You can see apparent symmetry in the puzzles generated with (b) and (c),
yet even (c) doesn't yield any better puzzles at all.

Any given matrix filled with arbitrary numbers ends up either a
symmetric or a random puzzle with almost same amount of hints?

By the way, I was kind of sure that the puzzles generated with this
script are okay because there's nothing complicated involved, however,
I used somebody else's solver to check if any of the puzzles has a
uniq solution. Alas, 3-5 out of 100 puzzles, there were more than 1
solution...

I don't know what I did wrong. I just lost interest and felt content
with the fact that I learnt many things with Ruby and had fun doing
this. And then, I found this thread, couldn't resist.

--
Ken Nishimura, Tokyo


Matthew Moss wrote:
> -=-=-=-=-=-=-=-=-=-=-=-=-=-=-=-=-=-=-=-=-=-=-=-=-=-=-=-=-=-=-=-=-=-=-
> 
> The three rules of Ruby Quiz 2:
> 
> 1.  Please do not post any solutions or spoiler discussion for this
> quiz until 48 hours have passed from the time on this message.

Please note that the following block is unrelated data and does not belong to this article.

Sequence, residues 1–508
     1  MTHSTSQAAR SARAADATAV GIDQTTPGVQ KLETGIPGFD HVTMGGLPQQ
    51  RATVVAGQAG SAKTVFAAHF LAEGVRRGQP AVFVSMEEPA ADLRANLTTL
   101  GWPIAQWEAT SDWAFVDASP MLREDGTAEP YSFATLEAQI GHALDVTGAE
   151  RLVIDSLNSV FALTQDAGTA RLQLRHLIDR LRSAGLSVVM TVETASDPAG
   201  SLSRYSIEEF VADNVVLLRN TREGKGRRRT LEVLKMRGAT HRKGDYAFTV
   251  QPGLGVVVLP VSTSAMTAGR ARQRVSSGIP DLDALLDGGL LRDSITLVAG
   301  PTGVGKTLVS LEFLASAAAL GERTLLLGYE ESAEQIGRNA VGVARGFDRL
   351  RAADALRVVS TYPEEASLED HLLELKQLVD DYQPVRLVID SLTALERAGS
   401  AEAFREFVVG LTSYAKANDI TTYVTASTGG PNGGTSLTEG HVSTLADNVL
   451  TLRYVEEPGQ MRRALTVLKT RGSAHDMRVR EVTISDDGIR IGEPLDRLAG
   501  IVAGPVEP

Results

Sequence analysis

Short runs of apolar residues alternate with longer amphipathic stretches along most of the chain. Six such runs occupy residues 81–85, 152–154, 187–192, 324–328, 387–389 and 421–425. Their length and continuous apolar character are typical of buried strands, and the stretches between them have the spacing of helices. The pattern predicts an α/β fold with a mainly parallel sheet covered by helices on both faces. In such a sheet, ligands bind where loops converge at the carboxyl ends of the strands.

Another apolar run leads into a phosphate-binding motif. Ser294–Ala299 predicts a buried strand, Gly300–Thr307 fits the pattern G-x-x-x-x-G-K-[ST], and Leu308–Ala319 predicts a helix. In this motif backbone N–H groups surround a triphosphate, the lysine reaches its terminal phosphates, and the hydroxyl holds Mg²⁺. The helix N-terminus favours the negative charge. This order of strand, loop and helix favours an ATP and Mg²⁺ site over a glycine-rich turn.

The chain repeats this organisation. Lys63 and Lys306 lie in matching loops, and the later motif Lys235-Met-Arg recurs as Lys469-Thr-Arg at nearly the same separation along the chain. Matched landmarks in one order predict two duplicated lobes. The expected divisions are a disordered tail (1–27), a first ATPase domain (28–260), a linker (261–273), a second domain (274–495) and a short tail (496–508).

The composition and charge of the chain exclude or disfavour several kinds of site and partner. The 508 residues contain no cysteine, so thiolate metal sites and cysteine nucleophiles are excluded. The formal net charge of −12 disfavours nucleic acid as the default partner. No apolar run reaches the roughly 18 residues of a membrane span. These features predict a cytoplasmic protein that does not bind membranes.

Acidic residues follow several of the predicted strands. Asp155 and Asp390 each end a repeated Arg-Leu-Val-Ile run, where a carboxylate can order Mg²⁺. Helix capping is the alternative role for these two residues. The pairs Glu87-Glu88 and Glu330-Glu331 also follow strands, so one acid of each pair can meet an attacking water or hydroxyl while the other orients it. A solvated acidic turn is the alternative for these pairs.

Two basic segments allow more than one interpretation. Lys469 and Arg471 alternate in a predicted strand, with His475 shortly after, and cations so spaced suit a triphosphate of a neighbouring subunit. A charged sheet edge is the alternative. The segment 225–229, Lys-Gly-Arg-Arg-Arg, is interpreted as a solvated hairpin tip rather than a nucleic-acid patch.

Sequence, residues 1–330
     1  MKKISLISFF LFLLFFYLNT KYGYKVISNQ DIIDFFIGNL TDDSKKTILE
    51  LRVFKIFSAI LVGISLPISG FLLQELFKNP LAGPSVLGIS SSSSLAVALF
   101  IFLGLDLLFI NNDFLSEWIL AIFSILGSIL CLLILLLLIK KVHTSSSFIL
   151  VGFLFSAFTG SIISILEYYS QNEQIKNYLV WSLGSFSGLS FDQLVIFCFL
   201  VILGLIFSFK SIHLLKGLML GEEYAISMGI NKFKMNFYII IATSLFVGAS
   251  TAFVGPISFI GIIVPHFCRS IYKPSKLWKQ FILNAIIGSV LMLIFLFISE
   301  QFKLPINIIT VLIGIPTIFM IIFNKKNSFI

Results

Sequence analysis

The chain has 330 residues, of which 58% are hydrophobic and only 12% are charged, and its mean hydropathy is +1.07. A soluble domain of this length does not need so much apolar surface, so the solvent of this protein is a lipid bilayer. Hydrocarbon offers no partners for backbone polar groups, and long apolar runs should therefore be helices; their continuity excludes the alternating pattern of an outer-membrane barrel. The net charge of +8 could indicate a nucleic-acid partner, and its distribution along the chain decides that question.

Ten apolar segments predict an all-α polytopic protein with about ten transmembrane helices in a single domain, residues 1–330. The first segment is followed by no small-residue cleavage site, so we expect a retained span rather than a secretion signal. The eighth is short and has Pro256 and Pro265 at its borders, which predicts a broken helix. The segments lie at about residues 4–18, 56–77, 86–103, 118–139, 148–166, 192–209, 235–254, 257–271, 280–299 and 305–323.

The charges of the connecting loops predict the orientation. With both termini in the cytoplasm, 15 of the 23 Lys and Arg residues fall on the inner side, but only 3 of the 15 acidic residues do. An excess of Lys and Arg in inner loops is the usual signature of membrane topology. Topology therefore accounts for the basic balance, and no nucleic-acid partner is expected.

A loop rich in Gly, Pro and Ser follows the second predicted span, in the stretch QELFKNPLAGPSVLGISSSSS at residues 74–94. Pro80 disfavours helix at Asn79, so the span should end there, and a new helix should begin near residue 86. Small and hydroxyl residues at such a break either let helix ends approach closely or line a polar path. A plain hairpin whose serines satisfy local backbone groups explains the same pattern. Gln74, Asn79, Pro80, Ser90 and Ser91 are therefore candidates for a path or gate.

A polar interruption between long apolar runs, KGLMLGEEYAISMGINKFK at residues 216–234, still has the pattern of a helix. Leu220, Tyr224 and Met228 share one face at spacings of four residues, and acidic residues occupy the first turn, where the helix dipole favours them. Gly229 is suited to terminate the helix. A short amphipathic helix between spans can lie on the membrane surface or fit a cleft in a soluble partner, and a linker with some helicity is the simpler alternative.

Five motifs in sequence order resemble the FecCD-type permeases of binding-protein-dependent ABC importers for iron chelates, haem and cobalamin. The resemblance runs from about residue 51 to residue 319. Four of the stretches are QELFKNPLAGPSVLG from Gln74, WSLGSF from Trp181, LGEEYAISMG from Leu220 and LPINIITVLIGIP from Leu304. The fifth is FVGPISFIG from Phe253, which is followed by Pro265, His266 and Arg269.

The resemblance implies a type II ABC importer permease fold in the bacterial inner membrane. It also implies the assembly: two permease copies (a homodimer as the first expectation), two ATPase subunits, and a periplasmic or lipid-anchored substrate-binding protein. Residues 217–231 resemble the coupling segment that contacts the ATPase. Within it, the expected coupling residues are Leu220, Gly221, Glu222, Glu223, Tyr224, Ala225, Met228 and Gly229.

> 
> 2.  Support Ruby Quiz 2 by submitting ideas as often as you can!
> Visit <http://splatbang.com/rubyquiz/>.
> 
> 3.  Enjoy!
> 
> Suggestion:  A [QUIZ] in the subject of emails about the problem
> helps everyone on Ruby Talk follow the discussion.  Please reply to
> the original quiz message, if you can.
> 
> -=-=-=-=-=-=-=-=-=-=-=-=-=-=-=-=-=-=-=-=-=-=-=-=-=-=-=-=-=-=-=-=-=-=-
> 
> ## Sudoku Generator (#182)
> 
> 
> _Quiz idea provided by Lloyd Linklater_
> 
> A bit over three years ago, we had a quiz to [solve sudoku puzzles]
> [1]. Now it's time to write a script that generates sudoku puzzles.
> 
> The output of your script should be the puzzle to solve. (Since we
> already have solver scripts from quiz #43, there is no need to output
> the solution.) In addition to generating the puzzle, you should adhere
> either one or the other of these two methods:
> 
>    1. Reduce a generated puzzle to the fewest clues that will still
> suffice for finding a solution. To your output, include an estimated
> difficulty level.
> 
>    2. Accept a command line parameter: the estimated difficulty level.
> Generate the puzzle such that it roughly matches that difficulty level.
> 
> The difficulty level should be a number from 1 (easiest) to 10
> (hardest). Difficulty level, obviously, is somewhat subjective.
> However, there are [various sudoku techniques][2] that may be able to
> help you decide whether a puzzle is more difficult or not. Some
> suggested metrics include: number of clues, number of "gimmes", number
> of possible solutions, cascading singletons, etc.
> 
> 
> [1]: http://rubyquiz.com/quiz43.html
> [2]: http://www.sadmansoftware.com/sudoku/techniques.htm

--